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 Cease Fire Agreement Between Hamas and Israel: What are Its Implications?

Brief #113—Foreign Policy
By Reilly Fitzgerald
Last week I wrote a USRENEW NEWS Brief regarding the on-going Israeli-Palestinian conflict with some thoughts on how the United States may respond. This Brief is a continuation of that updated with information from the past week, and focuses on a newly agreed upon cease fire agreement.

In the last week, the conflict between Israel and Palestine has escalated in several ways. The first being that the scale of violence from the Israeli military and government, towards the Palestinians, has increased dramatically. Initially, we saw clashes with police and rioters; and then, the Israelis started to drop bombs and target specific buildings – one building that was destroyed housed the Associated Press along with other journalists. According to various news sources, the Israelis targeted approximately 20 media outlets during their bombardment of Gaza. The bombing has killed over 200 people, and injured many others. Also, it is worth noting that the Hamas rockets being fired into Israel have killed more than 10 Israelis as well.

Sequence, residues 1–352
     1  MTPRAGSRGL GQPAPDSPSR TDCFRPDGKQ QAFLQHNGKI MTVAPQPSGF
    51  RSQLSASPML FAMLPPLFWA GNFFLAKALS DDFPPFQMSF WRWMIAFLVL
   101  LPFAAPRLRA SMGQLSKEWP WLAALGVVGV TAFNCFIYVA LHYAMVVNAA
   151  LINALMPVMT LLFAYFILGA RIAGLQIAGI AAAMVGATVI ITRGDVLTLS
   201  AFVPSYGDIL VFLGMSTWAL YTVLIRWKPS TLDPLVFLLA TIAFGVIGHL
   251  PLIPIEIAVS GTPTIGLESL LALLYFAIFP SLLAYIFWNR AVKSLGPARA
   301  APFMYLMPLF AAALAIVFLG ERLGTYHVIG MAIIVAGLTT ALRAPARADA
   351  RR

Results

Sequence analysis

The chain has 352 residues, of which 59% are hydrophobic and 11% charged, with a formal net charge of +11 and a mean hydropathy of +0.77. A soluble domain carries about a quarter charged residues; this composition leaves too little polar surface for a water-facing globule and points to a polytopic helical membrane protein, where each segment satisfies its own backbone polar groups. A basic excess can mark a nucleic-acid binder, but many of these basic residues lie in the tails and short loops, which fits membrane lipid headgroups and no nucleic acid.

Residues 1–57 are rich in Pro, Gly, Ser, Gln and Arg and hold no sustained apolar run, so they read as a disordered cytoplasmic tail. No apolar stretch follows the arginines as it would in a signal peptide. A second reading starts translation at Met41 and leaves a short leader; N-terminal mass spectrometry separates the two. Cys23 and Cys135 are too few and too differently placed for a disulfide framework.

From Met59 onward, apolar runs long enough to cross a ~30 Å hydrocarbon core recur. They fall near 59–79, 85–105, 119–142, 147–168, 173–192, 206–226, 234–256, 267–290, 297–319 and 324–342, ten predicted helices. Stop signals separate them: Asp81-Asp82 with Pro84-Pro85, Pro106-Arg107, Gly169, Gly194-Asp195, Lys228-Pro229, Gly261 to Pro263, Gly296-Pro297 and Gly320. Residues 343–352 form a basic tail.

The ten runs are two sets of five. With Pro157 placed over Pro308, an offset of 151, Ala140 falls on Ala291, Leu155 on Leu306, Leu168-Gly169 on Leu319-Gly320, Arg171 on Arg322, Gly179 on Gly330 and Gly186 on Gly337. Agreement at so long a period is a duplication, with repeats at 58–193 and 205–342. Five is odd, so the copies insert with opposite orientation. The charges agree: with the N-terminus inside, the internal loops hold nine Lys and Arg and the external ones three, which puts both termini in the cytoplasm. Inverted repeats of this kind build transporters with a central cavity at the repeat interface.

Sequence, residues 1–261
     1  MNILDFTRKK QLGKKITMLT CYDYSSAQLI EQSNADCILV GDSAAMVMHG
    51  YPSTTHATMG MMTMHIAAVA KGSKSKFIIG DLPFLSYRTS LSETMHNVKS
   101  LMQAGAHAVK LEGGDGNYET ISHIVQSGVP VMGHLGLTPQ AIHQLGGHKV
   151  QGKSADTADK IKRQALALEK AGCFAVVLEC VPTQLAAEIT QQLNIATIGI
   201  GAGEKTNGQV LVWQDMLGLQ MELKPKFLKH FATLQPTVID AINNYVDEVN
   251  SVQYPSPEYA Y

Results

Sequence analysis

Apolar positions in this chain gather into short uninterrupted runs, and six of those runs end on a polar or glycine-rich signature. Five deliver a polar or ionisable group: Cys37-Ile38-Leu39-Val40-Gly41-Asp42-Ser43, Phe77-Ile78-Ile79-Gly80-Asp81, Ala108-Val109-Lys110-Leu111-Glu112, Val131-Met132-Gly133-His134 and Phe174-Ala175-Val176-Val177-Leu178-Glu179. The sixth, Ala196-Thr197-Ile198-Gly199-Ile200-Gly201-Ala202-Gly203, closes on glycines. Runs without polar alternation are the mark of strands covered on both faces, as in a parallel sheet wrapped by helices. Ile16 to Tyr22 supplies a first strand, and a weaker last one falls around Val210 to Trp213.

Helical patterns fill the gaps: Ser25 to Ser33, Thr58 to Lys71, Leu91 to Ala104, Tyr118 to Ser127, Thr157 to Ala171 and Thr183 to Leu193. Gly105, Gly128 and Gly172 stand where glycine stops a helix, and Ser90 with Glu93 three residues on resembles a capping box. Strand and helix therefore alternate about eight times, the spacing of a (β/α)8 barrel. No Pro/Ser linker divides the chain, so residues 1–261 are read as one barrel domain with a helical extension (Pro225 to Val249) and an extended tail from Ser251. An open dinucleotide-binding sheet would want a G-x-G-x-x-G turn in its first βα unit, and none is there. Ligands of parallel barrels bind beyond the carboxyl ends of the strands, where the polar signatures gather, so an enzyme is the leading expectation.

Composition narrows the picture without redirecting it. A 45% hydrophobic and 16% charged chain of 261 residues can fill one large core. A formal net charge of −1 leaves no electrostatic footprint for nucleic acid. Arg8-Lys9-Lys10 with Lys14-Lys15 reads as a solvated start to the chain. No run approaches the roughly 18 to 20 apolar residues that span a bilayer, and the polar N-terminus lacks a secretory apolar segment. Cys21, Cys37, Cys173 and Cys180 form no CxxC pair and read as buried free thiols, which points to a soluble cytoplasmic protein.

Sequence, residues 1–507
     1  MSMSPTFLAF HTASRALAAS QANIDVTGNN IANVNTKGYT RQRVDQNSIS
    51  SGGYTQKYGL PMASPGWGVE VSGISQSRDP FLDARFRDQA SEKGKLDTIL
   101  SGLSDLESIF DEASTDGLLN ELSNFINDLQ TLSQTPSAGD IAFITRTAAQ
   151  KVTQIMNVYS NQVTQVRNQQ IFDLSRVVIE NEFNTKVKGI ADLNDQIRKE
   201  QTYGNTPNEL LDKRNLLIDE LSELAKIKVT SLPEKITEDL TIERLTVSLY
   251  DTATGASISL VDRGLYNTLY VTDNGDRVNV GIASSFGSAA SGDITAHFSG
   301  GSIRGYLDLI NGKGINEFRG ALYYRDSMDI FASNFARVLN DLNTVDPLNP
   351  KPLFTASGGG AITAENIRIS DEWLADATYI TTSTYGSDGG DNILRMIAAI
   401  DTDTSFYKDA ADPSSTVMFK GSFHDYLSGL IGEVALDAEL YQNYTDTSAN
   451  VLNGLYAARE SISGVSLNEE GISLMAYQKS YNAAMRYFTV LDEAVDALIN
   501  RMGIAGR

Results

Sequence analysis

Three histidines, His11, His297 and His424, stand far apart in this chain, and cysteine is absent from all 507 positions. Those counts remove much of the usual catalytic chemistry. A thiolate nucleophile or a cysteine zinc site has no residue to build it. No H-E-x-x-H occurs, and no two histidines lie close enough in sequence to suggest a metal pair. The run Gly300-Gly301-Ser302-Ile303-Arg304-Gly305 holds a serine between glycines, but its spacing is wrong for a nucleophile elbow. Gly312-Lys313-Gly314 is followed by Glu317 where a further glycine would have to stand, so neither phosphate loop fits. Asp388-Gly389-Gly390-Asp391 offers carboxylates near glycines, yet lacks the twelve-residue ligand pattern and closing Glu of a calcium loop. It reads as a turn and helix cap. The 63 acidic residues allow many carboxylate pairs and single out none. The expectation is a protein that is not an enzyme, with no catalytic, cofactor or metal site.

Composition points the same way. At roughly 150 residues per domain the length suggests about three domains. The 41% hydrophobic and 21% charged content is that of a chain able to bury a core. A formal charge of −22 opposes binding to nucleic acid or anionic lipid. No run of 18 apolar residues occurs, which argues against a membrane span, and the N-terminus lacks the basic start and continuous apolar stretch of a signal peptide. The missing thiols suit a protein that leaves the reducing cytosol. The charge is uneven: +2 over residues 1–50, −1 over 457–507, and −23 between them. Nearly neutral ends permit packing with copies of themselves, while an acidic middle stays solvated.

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Should the US join the International Criminal Court?

Brief #112—Foreign Policy
By Ailin Goode
Relations between the U.S. government and the International Criminal Court have shifted back and forth between cautious support and straightforward opposition with each administration since the founding of the ICC in 2002. While the Biden administration is proving more tolerant of the Court than his predecessor it remains to be seen whether-or-not the United States will reconsider its current abstinence from the Rome Statute, the treaty that established and governs the ICC.

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The Biden Administration Struggles to Find a Response to the Israeli-Palestinian Conflict

Brief #111—Foreign Policy
By Reilly Fitzgerald